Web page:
Out of all this, free interpretation results. In two ways, popularization implies necessary interpretation. Firstly, since there is no 'standard interpretation' on hand, the author of a vulgarizing book has to write down his/her view on science and scientific matters alike. As Dennis Dieks wrote regarding the popularization of quantum mechanics "For the science popularizer  there is no 'scientific picture' which he can attempt to represent with as little distortion as possible" (Dieks, 1996, 167). Secondly, the reader makes an interpretation of his/her own. The distance between 'science' and the layperson seems to get bigger and bigger.
Still, popularization seems to be possible. It is possible to popularize all specific scientific ideas (one at a time), it is possible to show how a particular specialist works (one at a time). Ideal popularization is therefore possible, taken that the reader has enough time (to compensate the loss by selection) and taken that enough popularizers can be found to adequately present the scientific content (to compensate the loss by translation). The key to all this is time indeed. Which should not be surprising, since every learning process takes lots of time. Hence, popularization of science does not have to be utopian. But are we on the right track with the existing attempts?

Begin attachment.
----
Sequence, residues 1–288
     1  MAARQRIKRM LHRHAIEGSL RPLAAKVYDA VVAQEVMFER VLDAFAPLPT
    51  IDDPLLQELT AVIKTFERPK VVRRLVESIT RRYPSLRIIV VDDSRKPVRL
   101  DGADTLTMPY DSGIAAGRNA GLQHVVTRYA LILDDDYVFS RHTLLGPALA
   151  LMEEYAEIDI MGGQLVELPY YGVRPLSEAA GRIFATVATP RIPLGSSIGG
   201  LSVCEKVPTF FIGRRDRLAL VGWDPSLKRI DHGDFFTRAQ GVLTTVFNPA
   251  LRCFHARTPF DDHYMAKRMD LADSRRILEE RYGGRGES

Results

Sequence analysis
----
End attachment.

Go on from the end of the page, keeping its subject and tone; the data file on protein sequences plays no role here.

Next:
In 1991 David Lerner published his "The Big Bang Never Happened," a first class example of a wrong type of popularization. Lerner, a science journalist, came up with a strange but viable idea, seconded by a couple of astronomers. However, without any sense of selfcritique, the thesis that standard theory was completely crazy was presented by means of a popular work on astronomy. The title was-from a publisher's point of view-brilliantly chosen. It is always exciting to everyone to hear that a standard theory is becoming overthrown (another example is Boslough's "Masters of Time. How Wormholes, snakewood and assaults on the big bang have brought mystery back to the cosmos."). 'Science', i.e., standard science, seems to fail. Hence, presenting non-scientific thoughts as scientific ones in a popular manner and at the same time scorching a standard view, the layperson is harshly misled. Furthermore, with one particular standard view down the drain, other established theories (in other fields of science) could loose their convincing power as well, just because they are 'standard' theories. In this context, it is good to know that standard big bang cosmology is not what most of the people think it is. It is a rather humble theory, based on the Hubble-relation (taking into account several parameters, which means that the redshift does not necessarily imply an overall expansion). The theory tries to fit this and a few other empirical facts (like the cosmic background radiation) into a consistent whole. The parametrization makes it a very flexible theory (standard theory, for example, does not predict a specific age for the universe), still easy to falsify.